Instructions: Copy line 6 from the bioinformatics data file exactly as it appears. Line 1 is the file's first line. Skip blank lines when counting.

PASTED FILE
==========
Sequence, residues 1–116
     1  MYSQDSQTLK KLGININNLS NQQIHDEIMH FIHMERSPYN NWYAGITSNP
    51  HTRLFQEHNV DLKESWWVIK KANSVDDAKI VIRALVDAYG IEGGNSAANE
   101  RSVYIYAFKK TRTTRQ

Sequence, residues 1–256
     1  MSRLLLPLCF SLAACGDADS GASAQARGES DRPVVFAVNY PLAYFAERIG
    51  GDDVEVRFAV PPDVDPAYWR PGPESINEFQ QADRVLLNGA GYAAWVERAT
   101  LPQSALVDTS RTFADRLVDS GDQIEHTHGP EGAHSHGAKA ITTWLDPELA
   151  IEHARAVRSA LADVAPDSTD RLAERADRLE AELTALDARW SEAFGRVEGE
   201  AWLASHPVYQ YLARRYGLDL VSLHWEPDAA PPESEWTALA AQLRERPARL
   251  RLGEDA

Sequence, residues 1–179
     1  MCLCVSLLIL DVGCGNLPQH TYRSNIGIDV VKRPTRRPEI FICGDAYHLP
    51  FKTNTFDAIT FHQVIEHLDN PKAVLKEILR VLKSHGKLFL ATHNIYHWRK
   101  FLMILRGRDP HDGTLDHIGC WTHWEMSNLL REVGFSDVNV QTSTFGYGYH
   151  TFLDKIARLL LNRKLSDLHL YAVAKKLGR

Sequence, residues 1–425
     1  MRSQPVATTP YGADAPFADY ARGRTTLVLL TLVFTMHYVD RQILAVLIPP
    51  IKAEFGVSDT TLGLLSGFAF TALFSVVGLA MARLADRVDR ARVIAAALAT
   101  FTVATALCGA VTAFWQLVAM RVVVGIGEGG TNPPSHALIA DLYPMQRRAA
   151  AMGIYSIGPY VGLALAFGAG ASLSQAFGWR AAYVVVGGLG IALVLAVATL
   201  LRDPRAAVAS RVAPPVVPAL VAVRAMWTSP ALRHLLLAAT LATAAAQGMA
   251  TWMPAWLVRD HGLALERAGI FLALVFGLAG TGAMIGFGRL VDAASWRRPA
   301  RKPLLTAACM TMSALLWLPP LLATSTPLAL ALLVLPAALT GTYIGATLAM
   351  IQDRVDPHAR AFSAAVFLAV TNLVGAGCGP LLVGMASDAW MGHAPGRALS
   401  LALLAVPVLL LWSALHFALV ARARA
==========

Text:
     1  MSRLLLPLCF SLAACGDADS GASAQARGES DRPVVFAVNY PLAYFAERIG